Beijing Museum of Natural History Exhibit (Lotosaurus Confusion)
Team members have read with interest the various media reports about a Chinese museum exhibit being used as a wishing well. Such is the hold that the Dinosauria seems to have over us, that any vertebrate fossil in a museum, ends up being described as a dinosaur by the media. We can understand why this happens, but let’s try to put the record straight.
First the story, the Beijing Museum of Natural History has a huge collection of fossils and an amazing array of exhibits of long extinct animals. Both vertebrates and invertebrates are exhibited, the vast majority of the displays highlighting the extremely diverse fossil assemblage from this part of Asia. There are lots of dinosaurs to see. However, the Museum has encountered a problem, it seems that tourists (and we suspect some superstitious locals too), have a habit of putting coins and notes inside the glass case of one of the many Chinese prehistoric animal mounted fossils on view. The animal concerned is a Lotosaurus adentus, it might sound like a dinosaur but a member of the Dinosauria this reptile most certainly was not.
Museum Exhibit Treated like a Wishing Well
Picture credit: ECNS
The picture above shows the mounted exhibit of the quadruped L. adentus. Tourists and other visitors have taken to stuffing notes and coins through gaps in the glass case, the specimen makes a rather unusual “piggy bank”. According to the media reports this practice has been going on for about a year, we suppose it’s a question of one person doing it and others following the trend.
A security guard at the Museum, one of Beijing’s leading tourist attractions stated:
“Most of it is five or ten Yuan bills [around £0.50 GBP to £1.00 GBP] and coins from kids and grown-ups…they do it for fun. We usually don’t stop them since it doesn’t damage the booth or the exhibits.”
The Director of the Museum Zhou Ying has been quoted saying that people might be tossing in money as they believe the specimen will bring them wealth, good luck or better health. This habit of “donating” to the glass case is going to come to an abrupt end as the Museum has taken steps to prevent this from happening. Construction workers have been hired to seal the glass case and make it “coin and note proof”.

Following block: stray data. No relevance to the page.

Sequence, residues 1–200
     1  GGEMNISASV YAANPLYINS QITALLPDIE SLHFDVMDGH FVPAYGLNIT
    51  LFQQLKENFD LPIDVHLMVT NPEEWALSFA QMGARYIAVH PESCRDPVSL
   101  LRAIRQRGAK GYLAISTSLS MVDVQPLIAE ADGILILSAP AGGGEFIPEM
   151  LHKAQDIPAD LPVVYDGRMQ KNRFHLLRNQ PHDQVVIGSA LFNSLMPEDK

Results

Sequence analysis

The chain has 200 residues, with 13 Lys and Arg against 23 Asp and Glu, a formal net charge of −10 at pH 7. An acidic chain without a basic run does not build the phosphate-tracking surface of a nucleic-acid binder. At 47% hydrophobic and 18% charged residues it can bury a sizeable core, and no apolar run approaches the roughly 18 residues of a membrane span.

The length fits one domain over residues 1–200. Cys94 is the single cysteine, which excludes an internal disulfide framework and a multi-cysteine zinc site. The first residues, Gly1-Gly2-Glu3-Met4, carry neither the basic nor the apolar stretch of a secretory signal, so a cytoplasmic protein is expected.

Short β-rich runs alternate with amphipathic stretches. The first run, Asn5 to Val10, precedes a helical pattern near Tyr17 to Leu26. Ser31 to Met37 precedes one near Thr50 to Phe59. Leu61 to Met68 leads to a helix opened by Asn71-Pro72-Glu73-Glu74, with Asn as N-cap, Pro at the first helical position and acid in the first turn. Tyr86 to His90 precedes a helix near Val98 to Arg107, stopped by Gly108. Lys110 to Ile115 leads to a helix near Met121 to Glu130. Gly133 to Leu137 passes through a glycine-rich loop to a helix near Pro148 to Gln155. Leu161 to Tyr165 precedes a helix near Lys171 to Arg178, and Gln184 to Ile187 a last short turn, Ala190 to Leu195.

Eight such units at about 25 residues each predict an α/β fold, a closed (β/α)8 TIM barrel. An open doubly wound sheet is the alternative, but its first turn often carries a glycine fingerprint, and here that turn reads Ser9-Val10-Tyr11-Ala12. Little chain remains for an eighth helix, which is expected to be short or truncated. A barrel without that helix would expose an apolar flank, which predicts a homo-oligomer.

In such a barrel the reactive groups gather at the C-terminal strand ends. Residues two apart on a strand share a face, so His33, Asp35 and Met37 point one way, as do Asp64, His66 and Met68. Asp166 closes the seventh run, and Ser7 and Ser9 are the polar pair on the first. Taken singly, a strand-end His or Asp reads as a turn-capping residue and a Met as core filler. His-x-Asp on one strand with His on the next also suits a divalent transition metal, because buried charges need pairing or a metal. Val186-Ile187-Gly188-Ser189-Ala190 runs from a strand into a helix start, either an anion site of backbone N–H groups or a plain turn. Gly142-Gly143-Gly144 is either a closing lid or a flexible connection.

Perhaps it might be sensible to position a donation box close by. We are not sure of the Museum’s policy on such matters, but if visitors wish to make a donation, perhaps something could be installed to enable them to do so. Funds raised could support the educational work of the museum, that’s just a suggestion, but you never know.
Lotosaurus Not a Dinosaur
If you look at the display panels behind the Lotosaurus skeleton in the picture above, you can see some pictures of dinosaurs. Lotosaurus may be displayed alongside the dinosaurs but it was not a member of the Dinosauria. Let us explain…
Lotosaurus might be being exhibited in the dinosaur gallery as it was around at approximately the time when the very first basal members of the Dinosauria are believed to have evolved. The fossils of this barrel-chested reptile come from Hunan Province (south-central China) and date from between 245 and 237 million years ago (Anisian faunal stage of the Triassic). Most palaeontologists now believe that this bizarre creature is a member of the Poposauroidea clade, part of the archosaur group, but this phylogenetic analysis has been disputed. Trouble is, Lotosaurus is such a bizarre creature. It measured in size from 1.5 to 2.5 metres long, the neural spines were many times taller than they were wide and this suggests that this animal had some sort of sail or large hump running down from its neck, down the back to the tail. The top jaw is curved over and the robust skull suggests a powerful bite, but there are no teeth in the jaws. What this animal ate has been debated, the fossil material is associated with having been laid down in a swampy environment. Lotosaurus could have been a herbivore, but it has also been suggested that this slow-moving reptile might have specialised in eating the abundant shellfish, fossils of which are also associated with sediments to be found in the Hunan Province. The species was formally named and described in 1975.
Although, there may be some debate as to the exact phylogenetic position of Lotosaurus, it was not a dinosaur. The genus name (we think) means “Lotus lizard” and whilst to some observers it might look like a dinosaur and its genus name does end in “saurus” but it was most definitely not a dinosaur.
A spokesperson from Everything Dinosaur commented:
“Whilst we doubt much of the exhibit in question consists of actual fossil material, we can’t condone this behaviour as money being thrown into a display case would have to be retrieved and the opening of the case and working in close proximity to any fossils could lead to their accidental damage. In addition, if coins are thrown in and they hit the preserved fossil bone then this could result in the fossil material being chipped and scratched.”